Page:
Slight job increase

25/06/2009 15:00
  • 23 thousand jobs more in the first quarter of 2009 than the year before
  • quarter-on-quarter decrease in job numbers for the first time in 3 years
  • rise in labour costs reduced to 1.7 percent
  • great differences in labour cost increase per sector

In the first quarter of 2009 there were 23 thousand more jobs of employees than in the same quarter of 2008. This brought the number of jobs to 7.9 million, and constitutes the lowest increase since 2005.

The number of jobs decreased in comparison with the preceding quarter. Taking the seasonal influences into account there were 31 thousand fewer jobs in the first quarter of 2009 than in the fourth quarter of 2008. This is the first decrease in over three years. The labour costs per fte were 1.7 percent higher than one year previously according to the latest figures by Statistics Netherlands.

The number of jobs in the first quarter was up by 0.3 percent on one year before. This increase is substantially lower than in the previous twelve quarters. There were more jobs in care and in trade. The number of employed temp workers fell sharply. There were slight decreases in the manufacturing industry, agriculture, hotels and restaurants, in transport and among financial institutions. Compared to the fourth quarter, however, the number of jobs of employees shrank by 0.4 percent. This is the first negative growth after three years of positive growth in jobs. Employment only grew in care and in the rest of the collective sector. Employment fell in the private sector, particularly among temp workers, in hotels and restaurants, the manufacturing industry and in transport. The economic downturn did not lead to equivalent job losses in the first quarter of 2009. Employment in the Netherlands only reacts to economic changes with some delay.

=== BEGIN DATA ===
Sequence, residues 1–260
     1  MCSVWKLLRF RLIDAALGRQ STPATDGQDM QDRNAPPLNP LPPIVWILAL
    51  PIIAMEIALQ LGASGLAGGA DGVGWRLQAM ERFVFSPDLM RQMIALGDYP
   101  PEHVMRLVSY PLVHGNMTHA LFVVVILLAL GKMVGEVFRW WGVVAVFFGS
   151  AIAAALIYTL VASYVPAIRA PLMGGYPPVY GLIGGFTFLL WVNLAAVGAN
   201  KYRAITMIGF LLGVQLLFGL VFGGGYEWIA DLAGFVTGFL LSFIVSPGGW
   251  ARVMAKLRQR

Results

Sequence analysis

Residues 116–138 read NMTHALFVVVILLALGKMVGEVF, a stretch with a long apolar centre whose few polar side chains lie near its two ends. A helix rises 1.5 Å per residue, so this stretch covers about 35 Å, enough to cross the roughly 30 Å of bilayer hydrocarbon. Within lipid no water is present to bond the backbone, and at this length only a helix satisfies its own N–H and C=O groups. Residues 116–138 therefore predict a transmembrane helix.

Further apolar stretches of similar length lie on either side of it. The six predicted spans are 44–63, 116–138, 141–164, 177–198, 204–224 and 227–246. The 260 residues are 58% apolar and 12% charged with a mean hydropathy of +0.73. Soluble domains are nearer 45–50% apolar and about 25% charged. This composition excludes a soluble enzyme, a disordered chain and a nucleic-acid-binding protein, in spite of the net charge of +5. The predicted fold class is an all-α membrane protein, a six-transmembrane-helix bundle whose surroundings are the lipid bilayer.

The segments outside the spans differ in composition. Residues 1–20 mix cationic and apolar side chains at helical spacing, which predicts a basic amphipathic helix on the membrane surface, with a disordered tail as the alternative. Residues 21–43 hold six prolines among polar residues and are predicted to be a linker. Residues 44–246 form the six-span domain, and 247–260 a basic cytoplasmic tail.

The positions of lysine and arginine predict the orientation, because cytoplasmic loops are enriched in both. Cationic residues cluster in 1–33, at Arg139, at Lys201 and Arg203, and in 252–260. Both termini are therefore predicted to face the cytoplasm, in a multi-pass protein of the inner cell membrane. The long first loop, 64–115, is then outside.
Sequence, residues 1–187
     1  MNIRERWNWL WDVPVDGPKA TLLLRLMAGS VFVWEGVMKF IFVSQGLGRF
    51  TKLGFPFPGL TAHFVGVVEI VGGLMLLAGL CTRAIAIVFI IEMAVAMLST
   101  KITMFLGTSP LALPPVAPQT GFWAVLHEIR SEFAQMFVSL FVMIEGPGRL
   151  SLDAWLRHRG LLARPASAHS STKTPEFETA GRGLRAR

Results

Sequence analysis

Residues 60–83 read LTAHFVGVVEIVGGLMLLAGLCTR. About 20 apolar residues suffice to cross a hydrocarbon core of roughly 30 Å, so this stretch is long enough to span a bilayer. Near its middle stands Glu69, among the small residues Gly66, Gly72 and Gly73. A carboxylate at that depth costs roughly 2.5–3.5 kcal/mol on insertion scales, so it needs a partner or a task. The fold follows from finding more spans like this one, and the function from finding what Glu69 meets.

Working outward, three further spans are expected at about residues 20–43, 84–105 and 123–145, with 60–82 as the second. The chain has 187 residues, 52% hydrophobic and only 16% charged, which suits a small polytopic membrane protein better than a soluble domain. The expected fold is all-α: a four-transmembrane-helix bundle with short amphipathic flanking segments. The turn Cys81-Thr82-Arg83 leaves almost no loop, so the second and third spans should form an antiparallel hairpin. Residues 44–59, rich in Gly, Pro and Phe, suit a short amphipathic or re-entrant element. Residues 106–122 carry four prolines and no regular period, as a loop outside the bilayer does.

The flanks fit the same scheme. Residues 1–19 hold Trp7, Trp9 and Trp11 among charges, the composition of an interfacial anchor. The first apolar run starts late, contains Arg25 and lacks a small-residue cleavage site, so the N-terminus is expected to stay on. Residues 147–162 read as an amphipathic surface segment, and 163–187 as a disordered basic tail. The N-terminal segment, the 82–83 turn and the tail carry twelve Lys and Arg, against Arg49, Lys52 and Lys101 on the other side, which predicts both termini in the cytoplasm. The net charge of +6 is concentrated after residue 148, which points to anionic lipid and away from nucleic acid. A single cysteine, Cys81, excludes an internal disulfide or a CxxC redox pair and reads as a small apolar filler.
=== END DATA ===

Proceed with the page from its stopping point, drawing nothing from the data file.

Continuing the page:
The wages of employees per fte were up by 1.7 percent in the first quarter on the first quarter of 2008. This is considerably less than the 3.5 percent increase in the collective wages (CAO) in the same period and also substantially less than the wage increase in the previous quarters. The huge spread in wage increases among the sectors is remarkable. The fact that the actual increase in wages lags behind the collective (CAO) wage increase is mainly due to the reduction in variable elements such as bonuses and profit sharing, especially in the financial sector. Income from overtime was also cut, as was the case in the manufacturing industry and the transport sector. The wage increase was particularly large in education because of the one-off payment of the wage increases of the previous months. The labour costs per fte, which also include employers’ contributions, also increased by 1.7 percent just like the wages. Pension premiums payable by employers increased while their premiums for unemployment and health insurance decreased.

The figures on jobs and wages of the previous three years have been adjusted, as usual, on the basis of more and better information. The adjustment in job growth is minor as job growth for 2008 ends up 0.1 percent lower. The wage increases are slightly higher in each year. This also has its effect on a higher increase in labour costs.

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